AMD and Intel, the two leading CPU manufacturers in the world, often get pitted against each other, especially when one is shopping for a computer. They are the most realistic, accessible, and powerful options for anyone using Windows OS. The alternative would be to go for a MacBook or other Apple product. However, that would mean switching operating systems and your entire tech ecosystem.
When looking at the Core i5 and its alternatives in the AMD camp, you have to consider which tier is closest to it in terms of performance. Other factors such as price and availability are secondary considerations once you figure out which alternative trades blows with it fairly. This article helps you understand where to look, to ensure that you buy the best possible processor for your computing needs.
What Processors Does Each Manufacturer Produce?
Before looking at a suitable alternative in the AMD camp, let us look at the CPUs you can access. Intel produces the Core-i line of processors, which range from the Core i3, i5, i7, i9, and x-series tiers. The Core i3 is an economical chip, with power, processing speed, versatility, and range of application increasing as you go higher up the ladder.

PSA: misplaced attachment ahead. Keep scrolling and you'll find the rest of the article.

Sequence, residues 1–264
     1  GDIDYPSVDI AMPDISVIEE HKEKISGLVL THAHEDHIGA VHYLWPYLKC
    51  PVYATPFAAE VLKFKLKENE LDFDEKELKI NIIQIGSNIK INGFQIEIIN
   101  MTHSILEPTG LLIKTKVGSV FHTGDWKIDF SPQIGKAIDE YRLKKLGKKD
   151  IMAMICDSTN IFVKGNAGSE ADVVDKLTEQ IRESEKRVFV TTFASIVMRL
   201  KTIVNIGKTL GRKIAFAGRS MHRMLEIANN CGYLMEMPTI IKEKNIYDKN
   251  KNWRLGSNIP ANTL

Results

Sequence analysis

On the other hand, AMD produces the Ryzen line of processors, which includes the Ryzen 3, Ryzen 5, Ryzen 7, Ryzen 9, and Ryzen Threadripper. Naturally, the Ryzen Threadripper is the company’s top-tier, all-out, spare-no-performance processor, with the Ryzen 3 the budget-friendly, standard-tasks processor.
So, What Is AMD’s Answer to the Core i5?
The most sensible alternative to the Core i5 is the Ryzen 5. These two processors have some variations in their sub-branches, but they all offer more than capable performance. Professional-grade multimedia editing applications and intense games might be the only processes these CPUs may strain in. The AMD Ryzen 5 processors typically have at least six CPU cores and 12 threads. On the other hand, the Core i5 processors have at least four CPU cores and eight threads. Therefore, most users will find these processors more than capable.